Skip to content

The ‘local GPS’ in São Tomé and Príncipe

6 Feb 2019
By Edem Selormey; Afrobarometer's field operations manager for anglophone West Africa and East and North Africa.

  Edem Selormey is Afrobarometer field operations manager for anglophone West Africa and East and North Africa.

I have wondered why some National Partners provide T-shirts, caps, etc. to fieldworkers. Whilst such bold identification of AB fieldworkers would be quite inappropriate in some of the countries we survey, T-shirts and caps branded with AB insignia are a standard part of AB surveys in a few of our countries. Cabo Verde’s Afrosondagem, for instance, opts for the traditional AB orange, blue, or white T-shirts for fieldworkers. Quite conspicuous for fieldwork, one might think.

However, for our pioneer lusophone National Partner (first to introduce the use of T-shirts in 2002), the T- shirts make the fieldworkers look smart and business-like and serves as identification material in the field. Fieldworkers also get to keep them as souvenirs. But for me, in 2018, the significance of the orange T- shirt changed from just attire for fieldworkers and publicity item for AB to something more useful and innovative. It became the “local GPS”!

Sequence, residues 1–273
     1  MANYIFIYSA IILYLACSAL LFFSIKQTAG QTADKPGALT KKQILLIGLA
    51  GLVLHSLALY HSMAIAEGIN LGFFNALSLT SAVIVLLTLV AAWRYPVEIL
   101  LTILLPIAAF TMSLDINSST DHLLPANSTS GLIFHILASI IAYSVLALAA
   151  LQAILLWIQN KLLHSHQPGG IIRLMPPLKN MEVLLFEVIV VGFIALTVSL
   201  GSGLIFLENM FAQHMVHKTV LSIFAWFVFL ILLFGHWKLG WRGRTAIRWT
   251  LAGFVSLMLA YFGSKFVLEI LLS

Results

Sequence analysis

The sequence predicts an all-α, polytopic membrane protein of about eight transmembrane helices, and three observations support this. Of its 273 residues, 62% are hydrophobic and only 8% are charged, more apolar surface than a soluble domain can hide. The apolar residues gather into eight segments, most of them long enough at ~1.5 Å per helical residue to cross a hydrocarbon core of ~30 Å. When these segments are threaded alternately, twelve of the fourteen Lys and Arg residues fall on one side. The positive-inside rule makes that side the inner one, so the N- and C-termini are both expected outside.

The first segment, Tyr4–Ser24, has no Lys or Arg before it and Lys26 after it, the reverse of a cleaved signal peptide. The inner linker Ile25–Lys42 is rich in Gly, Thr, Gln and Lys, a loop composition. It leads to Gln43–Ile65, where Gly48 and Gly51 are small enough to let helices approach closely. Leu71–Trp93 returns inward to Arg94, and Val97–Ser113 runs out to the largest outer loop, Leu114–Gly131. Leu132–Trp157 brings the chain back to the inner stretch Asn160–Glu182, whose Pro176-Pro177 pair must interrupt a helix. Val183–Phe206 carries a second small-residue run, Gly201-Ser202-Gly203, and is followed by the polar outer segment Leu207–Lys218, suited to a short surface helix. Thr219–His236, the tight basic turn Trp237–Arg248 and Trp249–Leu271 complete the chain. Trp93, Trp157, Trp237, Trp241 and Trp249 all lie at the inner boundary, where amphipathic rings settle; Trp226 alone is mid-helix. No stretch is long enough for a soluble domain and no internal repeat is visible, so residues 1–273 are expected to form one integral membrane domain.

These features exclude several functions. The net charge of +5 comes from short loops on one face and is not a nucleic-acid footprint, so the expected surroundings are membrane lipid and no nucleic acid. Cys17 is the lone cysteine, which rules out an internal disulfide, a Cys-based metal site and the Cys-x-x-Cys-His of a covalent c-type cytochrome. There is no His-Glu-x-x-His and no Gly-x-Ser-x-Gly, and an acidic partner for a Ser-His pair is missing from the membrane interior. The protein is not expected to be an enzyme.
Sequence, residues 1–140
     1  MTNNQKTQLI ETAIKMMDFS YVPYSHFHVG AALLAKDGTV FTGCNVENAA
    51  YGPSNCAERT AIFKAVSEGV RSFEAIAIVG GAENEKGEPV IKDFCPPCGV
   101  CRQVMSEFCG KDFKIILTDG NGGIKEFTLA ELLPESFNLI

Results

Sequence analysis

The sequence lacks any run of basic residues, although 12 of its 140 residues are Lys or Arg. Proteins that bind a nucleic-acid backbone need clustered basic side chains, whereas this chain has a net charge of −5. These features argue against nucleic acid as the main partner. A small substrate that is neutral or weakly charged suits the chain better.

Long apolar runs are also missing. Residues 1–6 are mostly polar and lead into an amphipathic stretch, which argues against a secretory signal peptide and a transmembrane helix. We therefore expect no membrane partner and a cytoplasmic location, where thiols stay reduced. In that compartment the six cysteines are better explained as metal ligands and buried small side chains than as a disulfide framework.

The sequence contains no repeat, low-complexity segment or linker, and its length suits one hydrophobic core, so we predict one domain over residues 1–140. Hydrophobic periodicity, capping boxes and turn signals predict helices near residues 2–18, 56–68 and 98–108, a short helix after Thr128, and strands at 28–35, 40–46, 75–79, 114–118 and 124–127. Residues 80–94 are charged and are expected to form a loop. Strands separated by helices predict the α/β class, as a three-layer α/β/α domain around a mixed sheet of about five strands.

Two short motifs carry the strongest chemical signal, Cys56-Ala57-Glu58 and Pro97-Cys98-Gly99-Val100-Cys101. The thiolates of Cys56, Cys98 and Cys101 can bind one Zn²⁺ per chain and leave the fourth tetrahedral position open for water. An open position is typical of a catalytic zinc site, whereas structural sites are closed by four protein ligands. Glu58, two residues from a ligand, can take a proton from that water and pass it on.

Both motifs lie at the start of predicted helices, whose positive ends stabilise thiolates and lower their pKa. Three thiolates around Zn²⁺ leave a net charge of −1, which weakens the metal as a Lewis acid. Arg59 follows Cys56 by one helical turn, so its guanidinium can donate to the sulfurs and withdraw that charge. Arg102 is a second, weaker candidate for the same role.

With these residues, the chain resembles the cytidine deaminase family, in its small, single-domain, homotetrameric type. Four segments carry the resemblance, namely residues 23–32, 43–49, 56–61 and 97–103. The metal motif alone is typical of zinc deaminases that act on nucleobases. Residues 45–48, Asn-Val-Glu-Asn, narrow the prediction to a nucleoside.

On the first day of field monitoring (by Afrosondagem and CDD-Ghana) in São Tomé and Príncipe, the technical assistance team accidentally split from the team of fieldworkers. After trying without luck to reach the supervisor and field research assistants on the phone, and desperate to find at least one field research assistant to observe an interview, we resorted to the old-fashioned way of doing things in Africa – ask anyone we met along the road, “Have you seen anyone in an orange T-shirt similar to what we are wearing?” If yes: “Where did you see them, and which direction did they go?”

Within a 400-meter radius of where we had last seen the field research assistants, we asked six people, including four children between the ages of 6 and 10 years. Out of the six, four had seen the orange T- shirt and pointed us in the right direction. After a 200-meter walk down narrow alleys and bumpy dirt roads, a little girl probably 6 or 7-year-old who was playing with her friends not only responded “Sim” (Portuguese for “yes”) to our question about a “camiseta laranja” but also led us to the exact spot (her home) where the orange-shirted field research assistant was conducting her first interview, with a taxi driver.

If only our modern GPS were as precise as the little girl in São Tomé!

Image: Afrobarometer field researchers in São Tomé and Príncipe.